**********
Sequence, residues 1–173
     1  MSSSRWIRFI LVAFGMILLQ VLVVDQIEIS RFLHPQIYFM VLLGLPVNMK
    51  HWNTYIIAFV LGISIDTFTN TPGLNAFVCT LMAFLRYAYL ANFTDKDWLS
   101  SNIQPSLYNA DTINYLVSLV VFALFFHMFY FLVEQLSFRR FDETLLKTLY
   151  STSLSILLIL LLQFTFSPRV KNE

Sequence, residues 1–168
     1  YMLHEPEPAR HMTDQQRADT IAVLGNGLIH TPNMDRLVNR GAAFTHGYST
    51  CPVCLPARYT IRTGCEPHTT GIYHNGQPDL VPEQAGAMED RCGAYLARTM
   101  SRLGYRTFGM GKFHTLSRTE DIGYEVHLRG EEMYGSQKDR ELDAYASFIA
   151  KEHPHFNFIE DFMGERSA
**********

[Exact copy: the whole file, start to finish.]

Sequence, residues 1–173
     1  MSSSRWIRFI LVAFGMILLQ VLVVDQIEIS RFLHPQIYFM VLLGLPVNMK
    51  HWNTYIIAFV LGISIDTFTN TPGLNAFVCT LMAFLRYAYL ANFTDKDWLS
   101  SNIQPSLYNA DTINYLVSLV VFALFFHMFY FLVEQLSFRR FDETLLKTLY
   151  STSLSILLIL LLQFTFSPRV KNE

Sequence, residues 1–168
     1  YMLHEPEPAR HMTDQQRADT IAVLGNGLIH TPNMDRLVNR GAAFTHGYST
    51  CPVCLPARYT IRTGCEPHTT GIYHNGQPDL VPEQAGAMED RCGAYLARTM
   101  SRLGYRTFGM GKFHTLSRTE DIGYEVHLRG EEMYGSQKDR ELDAYASFIA
   151  KEHPHFNFIE DFMGERSA